Dissolving the Lab

No, not mine. HA- fooled you. I’m down at the moment, but not out- at least not yet. On my last post… Enrique left a comment about PIs having to dissolve their labs…

Topic: what happens when your PI’s gov. grant is not renewed (resubmission # > 1) and the concomitant dissolvation of the lab. Anyone want to hunker a guess on the time said dissolvation will take?

Well, I’ve had a front row seat to this for the last couple of years. DrMrA was struggling with his renewal for more than two years. I don’t usually share too much about DrMrA- he’s not into publicity- so I’ll just share how this went from where I was sitting. First, knowing that he was coming up for renewal- he reduced staff in the lab (some of this occurred by letting people go, some occurred by graduating students) in order to save some cash to use in a 1 year no-cost extension period. Everyone but graduate students goes first, this leaves you with a drain of people at the top to do the day-to-day teaching of graduate students. This action had the intended effect, cash savings- but downsizing your lab in the middle of your career is never fun. Although, I also have to say- it is hard to plan to be out of funds for more than 1 year- so the period that followed the no-cost extension was brutal.

Second- I was on the job market during this time and was offered a really awesome position in a cold-in-the-winter-blue-state kind of place. Perfect offer, except for one thing… my better half would have had to give up his tenure. Giving up tenure in a position where the vast majority of your salary is covered by hard money, directly before a grant renewal, in the current climate, seemed like a REALLY, SUPREMELY, STUPIDLY bad idea. So, we declined the job- and fortunately I had a very good alternative at our current institution… probably partially leveraged from the fact that I had been on a broad job search and had other offers.

How bad did it get for DrMrA? Pretty bad. Morale was awful, the lab went down to 1 graduate student- who is fortunately really awesome- but still. On a personal level, we couldn’t have much of a conversation about science at home, these topics needed to be left at work at all times because it was a continuous source of stress. He fought the valiant uphill battle of continuous grant submission to multiple agencies and putting out papers, all while teaching a 70 hour load and working in the lab himself. He is absolutely, without a doubt, the toughest and most persistent person that I know. The department administration was just excellent to him- supporting supplies and his student for a time- and you can’t say that about every department. But- morale can’t be purchased.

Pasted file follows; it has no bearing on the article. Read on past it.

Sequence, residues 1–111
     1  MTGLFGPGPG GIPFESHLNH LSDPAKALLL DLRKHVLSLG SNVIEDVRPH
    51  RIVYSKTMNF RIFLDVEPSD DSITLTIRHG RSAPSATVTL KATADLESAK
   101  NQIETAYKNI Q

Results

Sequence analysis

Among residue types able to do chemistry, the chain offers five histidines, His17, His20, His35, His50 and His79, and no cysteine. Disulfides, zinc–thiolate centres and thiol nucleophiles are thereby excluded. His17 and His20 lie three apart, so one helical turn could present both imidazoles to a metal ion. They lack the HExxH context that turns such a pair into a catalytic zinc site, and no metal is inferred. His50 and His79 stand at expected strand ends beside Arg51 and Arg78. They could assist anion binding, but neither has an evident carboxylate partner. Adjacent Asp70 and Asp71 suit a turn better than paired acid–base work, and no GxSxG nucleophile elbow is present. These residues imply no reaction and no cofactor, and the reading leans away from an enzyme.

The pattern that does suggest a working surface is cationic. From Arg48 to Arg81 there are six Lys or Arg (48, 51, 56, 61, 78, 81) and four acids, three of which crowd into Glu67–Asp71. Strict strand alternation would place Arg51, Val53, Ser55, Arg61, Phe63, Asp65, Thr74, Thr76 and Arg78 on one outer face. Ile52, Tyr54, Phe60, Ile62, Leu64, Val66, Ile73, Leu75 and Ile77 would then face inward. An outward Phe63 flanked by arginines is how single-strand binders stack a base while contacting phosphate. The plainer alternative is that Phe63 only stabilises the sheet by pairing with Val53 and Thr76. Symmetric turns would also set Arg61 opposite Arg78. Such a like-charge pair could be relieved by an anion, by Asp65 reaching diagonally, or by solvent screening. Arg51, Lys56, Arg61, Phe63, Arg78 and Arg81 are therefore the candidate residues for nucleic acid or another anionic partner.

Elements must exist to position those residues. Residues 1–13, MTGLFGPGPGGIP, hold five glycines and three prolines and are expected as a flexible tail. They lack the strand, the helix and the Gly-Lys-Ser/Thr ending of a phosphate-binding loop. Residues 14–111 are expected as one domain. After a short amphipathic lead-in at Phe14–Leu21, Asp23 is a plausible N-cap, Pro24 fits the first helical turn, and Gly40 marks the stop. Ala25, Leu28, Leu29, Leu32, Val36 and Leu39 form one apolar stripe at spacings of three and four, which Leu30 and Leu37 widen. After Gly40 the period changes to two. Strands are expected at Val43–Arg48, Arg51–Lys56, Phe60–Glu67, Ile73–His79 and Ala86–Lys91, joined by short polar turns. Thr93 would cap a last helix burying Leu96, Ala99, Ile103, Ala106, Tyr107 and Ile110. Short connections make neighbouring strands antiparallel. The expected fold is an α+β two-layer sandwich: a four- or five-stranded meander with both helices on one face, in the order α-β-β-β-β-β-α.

How long could we have lasted this out? I’m not sure. We lasted more than two years, and he kept the lab moving forward successfully- with help from a very supportive departmental administrator. We are fortunate that our salaries don’t depend on grant funding as our institution is 100% hard money, so that as much of a worry for us as it is for faculty at institutions that have to supply some of (or in some cases most of) their salaries off of grants. But,… for our mental health… who knows…


16 thoughts on “Dissolving the Lab

  1. That sounds awful. I’m really impressed at how you and DrMrA managed to tough it out. The department I’m in is fairly supportive of its faculty, but other departments have not been so generous. I haven’t seen the slow dissolution model, though. All the ones I can think of have been sudden and shocking shut-downs.

    PS You had me reeling for a moment with the title of your post! Very sneaky. 🙂

  2. Mad Hatter- Indeed it was awful. Although, I have to say- when things were really stressful I tried to focus on the important things- that we were all healthy, and the kids were fine. I can stand up to a lot- but I would crumble like a stale cookie if something bad happened to one my children.

    I haven’t yet seen many labs fall apart- I haven’t seen the sudden destruction… Probably because this really hits hard and fast when a PIs salary is on the line. This is not the case for us, so we actually had a little breathing room to get through. Also- DrMrA is able to put his students in TAships, and this covers their stipend and tuition for the year. This makes it possible to run the lab on very little money for a time… which I am sure was key to surviving this situation.

    The ironic part of the whole thing was that from a scientific point of view, the science was never better for him. He had a G&D paper and an EMBO paper during that period (as well as others obviously)….but couldn’t get his renewal…

    Dr. J- Don’t get the impression that this didn’t create a lot of stress in the relationship- it did. This is not something I can easily write about, or really care to write about right now.

    Anonymoustache- Thanks, but I don’t think we are so extraordinary. Just trying to make it through with what seemed like the best plan at the moment. Leveraging every small advantage to keep heads above water…

  3. wow! that’s tough. I’m coming up hard and fast against that as well. I am in my 5th submission (different versions) of a basic grant, have one funded grant that will not cover the stipulated amount of my salary. All I am doing is writing grants now, but have no idea how I am going to manage the lab as my startup has pretty much run out. The saving grace is that my postdoc did manage to get a departmental fellowship.

    Your story really is uplifting. I hope I can manage it….

  4. In response to the original question, the ability of a lab to survive depends on the resources of the people running it, the depth support at the institution where the lab is based, and the influence and financial abilities of those supporters. Tenure helps too.